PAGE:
Seventh Generation, Method and Ecover – not so safe after all.
As some of you may already know (and hopefully most), there is little to no regulation of what cleaning chemicals go into our household products as there are virtually no labeling requirements to let people know what they are exposing themselves and the planet to. As more and more people become aware of this, companies that provide greener alternatives are thriving with success. But despite of the ‘greener and safer’ products they claim to offer, most people would be surprised to learn that some of the largest alternative “green” or “eco” brands are not so safe after all.
Like many others, our family continues to look for ways to reduce our exposure to toxic chemicals in every shopping decision we make and we’ve really gotten into the habit of making our own cleaning recipes because we have a deep-seated distrust for all mainstream products. Some time ago, after doing our own research, we were very disappointed to find that the trusted brands such as Seventh Generation, Method and Ecover use chemicals such as SLS in many of their products including dish-washing liquids, hand soaps, disinfectants and laundry detergents. Even their baby laundry detergents! 😦
What is SLS?
To help your understanding as to why this is a big deal, let’s look at exactly what health implications SLS brings as defined by multiple sources. Here’s a quick rundown:
Sodium Lauryl Sulfate (a chemical that is also listed as over 150 different names) – used as a sudsing and foaming agent, penetrates the skin, health hazards include reproductive and developmental toxicity, tissue damage that could result in chronic liver, brain, heart, lung damage and may include cancer. SLS has been found in the tissue of these organs so it accumulates in the body. Also can cause eye damage, affect the immune system and irritate the skin. Can cause eczema. In toothpaste it can cause damage to tissues in the mouth, ulcers in the mouth and gum disease. Using shampoo with SLS can cause dandruff and hair loss.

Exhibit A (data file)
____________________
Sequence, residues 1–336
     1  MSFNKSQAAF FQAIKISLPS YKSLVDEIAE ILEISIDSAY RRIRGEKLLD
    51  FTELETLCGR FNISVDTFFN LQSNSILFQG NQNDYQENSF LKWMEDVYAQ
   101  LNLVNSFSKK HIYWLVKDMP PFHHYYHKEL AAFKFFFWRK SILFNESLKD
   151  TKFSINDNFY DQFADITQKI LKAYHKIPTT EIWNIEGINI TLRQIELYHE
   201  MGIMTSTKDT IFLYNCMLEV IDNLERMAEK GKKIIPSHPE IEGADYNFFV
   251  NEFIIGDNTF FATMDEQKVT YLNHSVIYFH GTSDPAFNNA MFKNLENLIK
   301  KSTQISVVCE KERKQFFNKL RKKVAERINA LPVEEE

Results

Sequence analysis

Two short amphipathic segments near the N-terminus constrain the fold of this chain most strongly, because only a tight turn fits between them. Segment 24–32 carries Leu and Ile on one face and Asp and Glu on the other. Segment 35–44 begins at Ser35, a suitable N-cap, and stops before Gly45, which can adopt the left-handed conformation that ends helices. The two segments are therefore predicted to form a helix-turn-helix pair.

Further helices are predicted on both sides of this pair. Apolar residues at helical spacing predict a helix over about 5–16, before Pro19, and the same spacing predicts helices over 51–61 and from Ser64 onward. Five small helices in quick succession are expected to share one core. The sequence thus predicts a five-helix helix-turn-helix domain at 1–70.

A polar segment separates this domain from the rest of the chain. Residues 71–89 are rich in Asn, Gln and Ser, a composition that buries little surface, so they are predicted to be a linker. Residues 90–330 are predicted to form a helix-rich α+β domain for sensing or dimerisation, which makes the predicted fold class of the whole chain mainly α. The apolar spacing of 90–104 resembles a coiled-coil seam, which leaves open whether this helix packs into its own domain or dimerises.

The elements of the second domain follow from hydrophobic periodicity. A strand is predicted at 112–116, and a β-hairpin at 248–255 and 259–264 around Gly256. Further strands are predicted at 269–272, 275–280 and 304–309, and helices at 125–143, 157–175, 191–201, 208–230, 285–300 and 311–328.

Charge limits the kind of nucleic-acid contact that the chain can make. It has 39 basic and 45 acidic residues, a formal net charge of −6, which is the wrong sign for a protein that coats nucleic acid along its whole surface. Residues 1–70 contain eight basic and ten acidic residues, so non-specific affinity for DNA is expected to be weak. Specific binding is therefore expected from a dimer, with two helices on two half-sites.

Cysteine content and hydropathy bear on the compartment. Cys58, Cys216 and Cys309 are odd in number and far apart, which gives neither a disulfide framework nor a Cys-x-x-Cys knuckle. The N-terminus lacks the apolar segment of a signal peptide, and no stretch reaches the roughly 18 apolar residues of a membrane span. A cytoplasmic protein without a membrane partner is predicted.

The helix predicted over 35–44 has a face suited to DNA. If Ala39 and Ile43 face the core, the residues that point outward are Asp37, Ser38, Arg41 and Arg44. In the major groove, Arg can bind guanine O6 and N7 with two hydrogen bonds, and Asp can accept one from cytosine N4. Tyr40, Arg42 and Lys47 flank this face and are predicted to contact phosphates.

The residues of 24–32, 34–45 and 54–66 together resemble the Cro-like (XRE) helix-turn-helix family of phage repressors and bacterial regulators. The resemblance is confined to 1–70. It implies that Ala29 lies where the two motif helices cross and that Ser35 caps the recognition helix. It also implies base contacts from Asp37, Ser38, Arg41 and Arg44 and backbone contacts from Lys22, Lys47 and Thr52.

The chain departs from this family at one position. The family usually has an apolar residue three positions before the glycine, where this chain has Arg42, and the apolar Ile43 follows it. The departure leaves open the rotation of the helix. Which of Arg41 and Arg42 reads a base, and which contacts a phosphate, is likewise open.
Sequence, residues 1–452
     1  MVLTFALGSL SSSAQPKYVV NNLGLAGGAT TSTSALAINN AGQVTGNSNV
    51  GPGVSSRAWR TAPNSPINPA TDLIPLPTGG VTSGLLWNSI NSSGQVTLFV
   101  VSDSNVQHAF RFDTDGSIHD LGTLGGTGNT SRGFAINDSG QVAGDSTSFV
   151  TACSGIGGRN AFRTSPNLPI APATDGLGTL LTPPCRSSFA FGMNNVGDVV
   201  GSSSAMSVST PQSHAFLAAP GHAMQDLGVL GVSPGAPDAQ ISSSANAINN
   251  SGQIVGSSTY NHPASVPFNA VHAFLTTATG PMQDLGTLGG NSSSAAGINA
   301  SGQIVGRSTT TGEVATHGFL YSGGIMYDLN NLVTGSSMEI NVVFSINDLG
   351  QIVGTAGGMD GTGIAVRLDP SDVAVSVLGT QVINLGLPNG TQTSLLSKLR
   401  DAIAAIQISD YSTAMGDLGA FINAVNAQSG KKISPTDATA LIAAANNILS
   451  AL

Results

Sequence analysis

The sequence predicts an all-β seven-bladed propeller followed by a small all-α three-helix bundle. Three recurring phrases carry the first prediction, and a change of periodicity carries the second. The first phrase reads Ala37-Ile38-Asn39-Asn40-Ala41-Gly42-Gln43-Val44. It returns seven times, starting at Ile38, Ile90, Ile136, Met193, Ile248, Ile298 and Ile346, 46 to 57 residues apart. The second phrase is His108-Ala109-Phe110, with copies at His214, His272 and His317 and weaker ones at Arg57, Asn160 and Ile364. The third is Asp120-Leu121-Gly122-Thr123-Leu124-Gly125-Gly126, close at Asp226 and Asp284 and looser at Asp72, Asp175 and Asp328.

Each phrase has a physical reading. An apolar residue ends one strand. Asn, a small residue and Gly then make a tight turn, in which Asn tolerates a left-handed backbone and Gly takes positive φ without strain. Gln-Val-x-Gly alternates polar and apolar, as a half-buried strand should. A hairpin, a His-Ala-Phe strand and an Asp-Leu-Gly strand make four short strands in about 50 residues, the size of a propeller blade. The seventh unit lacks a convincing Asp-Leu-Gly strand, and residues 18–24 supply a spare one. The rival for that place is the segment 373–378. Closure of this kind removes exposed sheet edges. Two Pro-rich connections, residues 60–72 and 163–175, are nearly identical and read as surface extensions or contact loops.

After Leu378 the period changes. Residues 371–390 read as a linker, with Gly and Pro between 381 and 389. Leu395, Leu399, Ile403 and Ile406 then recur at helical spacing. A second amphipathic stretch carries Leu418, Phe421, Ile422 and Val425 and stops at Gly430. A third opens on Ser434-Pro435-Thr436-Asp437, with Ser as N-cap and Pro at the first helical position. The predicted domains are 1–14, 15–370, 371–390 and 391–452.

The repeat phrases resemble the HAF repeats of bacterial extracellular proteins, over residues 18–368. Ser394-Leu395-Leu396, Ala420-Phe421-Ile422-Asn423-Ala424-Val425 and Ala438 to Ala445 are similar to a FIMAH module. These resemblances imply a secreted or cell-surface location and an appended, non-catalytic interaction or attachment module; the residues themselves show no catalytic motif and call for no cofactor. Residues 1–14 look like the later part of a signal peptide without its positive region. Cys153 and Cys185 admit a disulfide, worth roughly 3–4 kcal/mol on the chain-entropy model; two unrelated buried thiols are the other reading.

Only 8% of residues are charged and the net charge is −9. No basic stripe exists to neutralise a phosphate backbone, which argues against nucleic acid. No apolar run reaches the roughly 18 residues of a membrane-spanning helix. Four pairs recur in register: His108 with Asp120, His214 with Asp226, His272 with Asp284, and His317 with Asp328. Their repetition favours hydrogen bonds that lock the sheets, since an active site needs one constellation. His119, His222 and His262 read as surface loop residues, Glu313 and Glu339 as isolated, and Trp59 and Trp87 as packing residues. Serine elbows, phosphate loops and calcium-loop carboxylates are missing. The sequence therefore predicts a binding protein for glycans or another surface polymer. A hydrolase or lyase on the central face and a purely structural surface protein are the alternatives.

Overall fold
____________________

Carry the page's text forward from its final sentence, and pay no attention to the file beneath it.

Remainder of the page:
We’ve taken a look at this ingredient on the EWG’s Skin Deep Database and found the following information:
In relation to the information on Organ System Toxicity (Non-Reproductive) , Environment Canada Domestic Substance List classifies SLS as expected to be toxic or harmful, and as a medium human health priority.
In relation to the information on irritation to skin, eyes or lungs, the Cosmetic Ingredient Review Assessment classifies SLS as a ‘Human Irritant’ with strong evidence.
In relation to Eco toxicology, the Environment Canada Domestic Substance List classifies SLS as suspected to be an environmental Toxin.
Should you worry about this?
As a concerned and aware consumer, do you really have anything to worry about as far as Sodium Lauryl Sulphate (SLS) is concerned? It would appear that we have two quite differing views on the safety of using and exposing the body to constant low levels of toxic chemicals such as Sodium Lauryl Sulphate (SLS). We feel it is only fair we look at the facts as they are reported by the chemical industry and other concerned individuals in regard to SLS.
We would like to quote investigative medical journalist Phillip Day on his statement reported in his book “Health Wars”:
“Sodium Lauryl Sulphate (SLS) is a very harsh detergent found in almost all shampoos, detergents and more than a few toothpastes. Pick up a cross section of these products next time you visit the supermarket and you will find Sodium Lauryl Sulphate SLS or Sodium Lauryth Sulphate (SLES) in pride of place under the ingredients label. Sodium Lauryl Sulphate started its career as an industrial degreasant and garage floor cleaner. When applied to human skin it has the effect of stripping off the oil layer and then irritating and eroding the skin, leaving it rough and pitted.”
Studies on SLS have shown that:” (Judi Vance, Beauty To Die For, Promotion Publishing, 1998)
1. “Shampoos with SLS could retard healing and keep children’s eyes from developing properly. Children under six years old are especially vulnerable to improper eye development. (Summary of Report of Research to Prevent Blindness, Inc. conference.”
2. “Sodium Lauryl Sulphate can cause cataracts in adults and delays the healing of wounds in the surface of the cornea.”